Last week I launched Playlist Drop. A dataset containing 1000 Spotify playlists that are accepting music submissions. The full dataset is currently available for $10 and can be viewed in Airtable or downloaded as a CSV.
Getting placed on Spotify community made playlists is a fantastic way for musicians to market their music and grow their audience. Getting added to a “hot” playlist could result in thousands of new listeners discovering your music. Unfortunately Spotify does not make it easy for musicians to find and get placed on playlists. It can take hours just to find a handful of playlists that are a good fit for your music. Plus, when you do find a playlist you like, you will also need to hunt down the playlist owner’s contact information. And in many cases, you may not find it.
Playlist Drop is a solution to these challenges. It’s value comes by solving three of the main challenges musicians face when looking for playlists:
Plus, every playlist has at least 50 followers (as of Feb 28, 2021).
The dataset is a great starting point for musicians looking to promote their music to playlists. There are many more playlists on Spotify then those included in this dataset. But for 10 bucks you get 1000 Playlists to kick off your marketing efforts.
If you’d like to start searching for Playlists on your own, here are five suggested methods for doing so.
You want to find Playlists that are focusing on new tracks. So if you're Genre is Rock, try searching for "Rock New", "Rock Fresh", "Rock Unreleased", "Rock Underground". This is a great starting point to uncover Playlists that are likely to include new artists.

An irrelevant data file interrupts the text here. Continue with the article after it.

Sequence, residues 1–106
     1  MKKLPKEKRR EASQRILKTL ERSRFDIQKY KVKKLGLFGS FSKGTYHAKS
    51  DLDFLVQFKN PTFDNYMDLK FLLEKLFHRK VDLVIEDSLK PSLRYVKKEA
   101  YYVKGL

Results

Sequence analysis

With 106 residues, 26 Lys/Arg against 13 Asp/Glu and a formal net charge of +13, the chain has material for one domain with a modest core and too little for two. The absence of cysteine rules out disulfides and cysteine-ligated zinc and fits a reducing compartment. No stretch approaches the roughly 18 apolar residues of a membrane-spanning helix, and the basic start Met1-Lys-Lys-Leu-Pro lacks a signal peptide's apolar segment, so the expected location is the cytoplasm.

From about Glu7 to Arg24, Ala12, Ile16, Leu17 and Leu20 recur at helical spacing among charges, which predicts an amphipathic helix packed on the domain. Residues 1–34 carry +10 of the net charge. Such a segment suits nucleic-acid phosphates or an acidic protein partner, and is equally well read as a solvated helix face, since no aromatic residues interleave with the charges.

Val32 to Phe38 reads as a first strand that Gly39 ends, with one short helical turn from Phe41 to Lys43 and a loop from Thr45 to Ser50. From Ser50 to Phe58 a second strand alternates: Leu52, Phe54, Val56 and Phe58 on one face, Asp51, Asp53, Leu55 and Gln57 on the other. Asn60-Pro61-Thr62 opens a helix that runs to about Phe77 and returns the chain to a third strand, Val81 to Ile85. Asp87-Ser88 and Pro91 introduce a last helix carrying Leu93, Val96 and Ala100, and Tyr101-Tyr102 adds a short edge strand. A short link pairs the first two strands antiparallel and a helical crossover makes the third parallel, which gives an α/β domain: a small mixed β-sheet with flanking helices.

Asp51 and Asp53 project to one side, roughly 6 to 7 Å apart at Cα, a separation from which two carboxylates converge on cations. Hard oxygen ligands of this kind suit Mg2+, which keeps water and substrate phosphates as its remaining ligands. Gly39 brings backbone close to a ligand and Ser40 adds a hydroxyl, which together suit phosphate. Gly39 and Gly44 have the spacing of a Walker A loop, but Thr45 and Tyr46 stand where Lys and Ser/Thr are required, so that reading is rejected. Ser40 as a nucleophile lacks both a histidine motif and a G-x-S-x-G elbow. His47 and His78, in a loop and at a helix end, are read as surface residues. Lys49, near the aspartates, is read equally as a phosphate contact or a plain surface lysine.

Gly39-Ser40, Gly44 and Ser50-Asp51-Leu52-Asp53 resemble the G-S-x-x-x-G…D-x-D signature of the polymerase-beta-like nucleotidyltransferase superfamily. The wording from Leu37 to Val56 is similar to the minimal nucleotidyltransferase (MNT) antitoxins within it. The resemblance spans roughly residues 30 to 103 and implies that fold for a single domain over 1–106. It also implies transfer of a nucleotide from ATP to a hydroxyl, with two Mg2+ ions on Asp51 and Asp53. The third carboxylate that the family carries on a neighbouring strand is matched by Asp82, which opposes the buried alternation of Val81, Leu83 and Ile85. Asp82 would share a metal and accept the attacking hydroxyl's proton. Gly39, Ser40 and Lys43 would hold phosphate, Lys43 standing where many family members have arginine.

Within the About page of an Artist profile, there will be a "Discovered On" section that lists out various Playlists this artist is on. I suggest finding some indie bands that are in your Genre, and looking at which Playlists they have been added to.
Sure 100 followers doesn't seem that impressive. But you never know who those followers are. One of those followers may be the owner of a Playlist with many more followers. Or they may have a blog and end up writing about your track. So don't disregard Playlists with "low" follower counts. Ultimately I'm trying to find that "sweet spot" of a Playlist that has followers, is accepting submissions, and doesn't have too many tracks.
This is a paid service that lets you buy "credits" and use those credits to submit to playlist owners of your choosing. A major plus is that you're contacting folks that are actively looking for submissions. And you'll also get feedback if you're track is not selected. I've had "ok" success, I'd say out of all my submissions about 10-15% will result in placement on a Playlist. It's not great, but it's another tool in the tool chest!
I primarily try to search for Blogs or Music Review sites in my Genre with this method. One advantage is if you land on the website of the Playlist owner, you'll likely be able to get their contact information from the site. I'll also try searching for some variation of "best upcoming Spotify (insert genre here) Playlists". This may return various "top 10" kind of blog posts that could generate some leads.
As mentioned in the start of this post, if you’d like to kickstart your Spotify playlist research with 1000 playlists that are accepting submissions, check out Playlist Drop here.